Another fascinating exercise: comparing a 26 year-old Alex Sanchez on the 2003 squad with 25 year-old Harold Castro offensively from 2019. Over 97 games in 2019, Harold Castro slashed .291/.305/.384 with a juiced ball. In 2003, Alex Sanchez, over 101 games, would slash .289/.320/.355. Sanchez would supply .2 bWAR in 2003; likely thanks to his burning speed in the field and on the base paths. Castro, however, would produce a -.4 bWAR in his 2019 campaign. It is unfair to compare the players to each other, but these similarities have to be a blow to the Castro believers.

Castro and Sanchez weren’t the only players entering their prime who under-performed, though. Both line ups from both squads are littered with players who should be entering their peak physically but would not ultimately produce. On the 2003 squad, 26 year-olds Brandon Inge and Craig Monroe would only supply 1.0 bWAR each, although both would end up on the 2006 World Series club.

Unfortunately, the 2019 club wouldn’t have a single player on their roster supply higher than a 1.6 bWAR season. If we are looking for a parallel, though, look to 26 year-old Grayson Greiner, who caught as Inge did; and 25 year-old Christin Stewart, who played left field as Monroe did. Both players would produce below replacement level results for their 2019 campaign, suggesting their 40-man roster leash may be tightening.


Although both clubs were historically bad in their respective efforts, the way in which they went about their losing was a bit different. For the 2003 team, the method was poor pitching. The average starting pitcher for the club was just 24 years old and the top performer was Nate Cornejo, who would supply just a 92 ERA+ while the other four starters would post in the 70’s. The 2019 club, meanwhile, would have three of their four regular starters post ERA+’s over 100, suggesting at least 60% of their games were started by an above average major league pitcher, whereas the 2003 club had exactly 0%.

2003 had the better offensive club, but it isn’t by much. the 2003 Tigers slashed .240/.300/.375 as a team, while the 2019 club hit .240/.294/.388. The team in 2003 hit more home runs and walked more; but unfortunately that load was carried heavily by Dmitri Young; who hit .297 with 29 home runs while walking 58 times across 155 games. If not for ‘DY,’ it would have been understandable if both Alan Trammell and Dave Dombrowski were shown the door almost as quickly as they came in.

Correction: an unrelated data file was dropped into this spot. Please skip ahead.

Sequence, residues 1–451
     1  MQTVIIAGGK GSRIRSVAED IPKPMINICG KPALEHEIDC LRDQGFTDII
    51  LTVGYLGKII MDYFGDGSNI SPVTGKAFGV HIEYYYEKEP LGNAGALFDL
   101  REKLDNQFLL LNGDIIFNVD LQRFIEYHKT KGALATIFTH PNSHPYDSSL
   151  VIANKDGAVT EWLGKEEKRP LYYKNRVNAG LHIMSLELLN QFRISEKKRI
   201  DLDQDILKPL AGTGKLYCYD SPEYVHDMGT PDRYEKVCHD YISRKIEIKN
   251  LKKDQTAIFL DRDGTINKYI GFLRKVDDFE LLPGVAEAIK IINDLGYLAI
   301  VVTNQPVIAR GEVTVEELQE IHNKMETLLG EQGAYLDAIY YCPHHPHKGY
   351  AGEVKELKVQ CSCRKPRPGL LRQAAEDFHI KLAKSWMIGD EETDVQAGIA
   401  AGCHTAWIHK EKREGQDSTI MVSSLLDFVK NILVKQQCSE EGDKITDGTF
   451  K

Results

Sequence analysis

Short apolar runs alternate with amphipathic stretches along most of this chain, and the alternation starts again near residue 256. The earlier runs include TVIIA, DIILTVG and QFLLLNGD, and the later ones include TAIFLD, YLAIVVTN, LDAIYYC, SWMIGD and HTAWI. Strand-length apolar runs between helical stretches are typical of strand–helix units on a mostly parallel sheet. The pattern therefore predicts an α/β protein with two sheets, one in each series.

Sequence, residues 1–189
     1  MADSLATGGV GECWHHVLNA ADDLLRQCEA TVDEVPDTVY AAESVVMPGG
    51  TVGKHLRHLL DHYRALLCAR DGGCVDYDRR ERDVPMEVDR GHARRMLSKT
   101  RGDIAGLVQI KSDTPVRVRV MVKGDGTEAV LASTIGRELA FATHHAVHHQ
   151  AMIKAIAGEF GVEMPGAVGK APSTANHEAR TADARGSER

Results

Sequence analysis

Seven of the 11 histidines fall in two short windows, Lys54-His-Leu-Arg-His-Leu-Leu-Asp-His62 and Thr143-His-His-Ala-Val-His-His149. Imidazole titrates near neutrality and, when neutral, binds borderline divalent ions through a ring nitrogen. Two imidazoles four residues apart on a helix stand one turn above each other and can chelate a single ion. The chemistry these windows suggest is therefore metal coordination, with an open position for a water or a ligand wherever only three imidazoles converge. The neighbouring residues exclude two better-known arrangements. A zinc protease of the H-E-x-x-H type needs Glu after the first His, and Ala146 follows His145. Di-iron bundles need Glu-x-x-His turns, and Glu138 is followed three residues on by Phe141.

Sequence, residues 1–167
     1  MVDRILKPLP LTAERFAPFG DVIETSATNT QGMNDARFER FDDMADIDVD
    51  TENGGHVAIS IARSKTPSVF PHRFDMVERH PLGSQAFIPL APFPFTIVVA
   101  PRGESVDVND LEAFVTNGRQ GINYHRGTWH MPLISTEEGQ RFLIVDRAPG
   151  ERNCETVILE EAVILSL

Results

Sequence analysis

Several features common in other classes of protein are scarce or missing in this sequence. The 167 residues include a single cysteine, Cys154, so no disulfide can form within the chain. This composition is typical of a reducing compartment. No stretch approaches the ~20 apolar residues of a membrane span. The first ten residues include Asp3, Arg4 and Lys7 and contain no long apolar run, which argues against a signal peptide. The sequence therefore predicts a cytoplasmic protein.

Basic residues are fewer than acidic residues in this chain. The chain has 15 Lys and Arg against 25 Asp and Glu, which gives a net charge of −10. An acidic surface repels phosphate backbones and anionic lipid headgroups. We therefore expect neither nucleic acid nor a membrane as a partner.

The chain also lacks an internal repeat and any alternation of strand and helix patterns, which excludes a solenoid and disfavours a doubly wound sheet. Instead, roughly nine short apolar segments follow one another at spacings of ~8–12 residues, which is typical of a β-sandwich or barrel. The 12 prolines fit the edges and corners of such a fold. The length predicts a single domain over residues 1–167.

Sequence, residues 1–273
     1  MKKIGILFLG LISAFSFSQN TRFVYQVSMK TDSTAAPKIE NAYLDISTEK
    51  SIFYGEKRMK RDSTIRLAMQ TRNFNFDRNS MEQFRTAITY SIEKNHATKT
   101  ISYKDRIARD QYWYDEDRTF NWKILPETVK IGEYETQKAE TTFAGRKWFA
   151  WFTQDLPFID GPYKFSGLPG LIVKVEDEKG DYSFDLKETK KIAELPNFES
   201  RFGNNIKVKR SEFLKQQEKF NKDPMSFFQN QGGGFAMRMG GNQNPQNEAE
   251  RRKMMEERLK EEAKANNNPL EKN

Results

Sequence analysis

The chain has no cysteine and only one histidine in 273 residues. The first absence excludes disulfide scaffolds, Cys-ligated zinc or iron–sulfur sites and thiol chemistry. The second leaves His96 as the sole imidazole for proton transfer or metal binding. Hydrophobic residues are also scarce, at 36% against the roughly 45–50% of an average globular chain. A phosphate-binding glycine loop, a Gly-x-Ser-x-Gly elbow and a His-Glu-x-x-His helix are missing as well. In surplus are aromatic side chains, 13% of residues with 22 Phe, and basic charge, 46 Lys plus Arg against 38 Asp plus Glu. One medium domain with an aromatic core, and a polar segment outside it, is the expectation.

As it was from 2003 to 2006, the current Detroit Tigers squad is going to need to make free agents a big part of their plan to contend. Having prospects is a luxury and the last rise from the baseball grave certainly featured that. But it also took the seeds veteran signings in the years in between which would allow them to reach their zenith.

If the Detroit Tigers are truly serious about competing again along the same type of timeline, which would put them at 2022, they desperately need to start getting aggressive on the free agent market by filling positions in which they will certainly not have prospects to fill in the near-term; effectively allowing them to grab the best fits over 2-3 free agent cycles instead of pushing all the chips in the middle one year and settling for players which may not help them as much.

Detroit’s ability to build in three years was impressive and there are certainly ways to argue that both teams were in their respective valleys in 2003 and 2019; but what happens over the next couple off seasons is more likely to determine their rebuild success than the prospects they have rising through the ranks.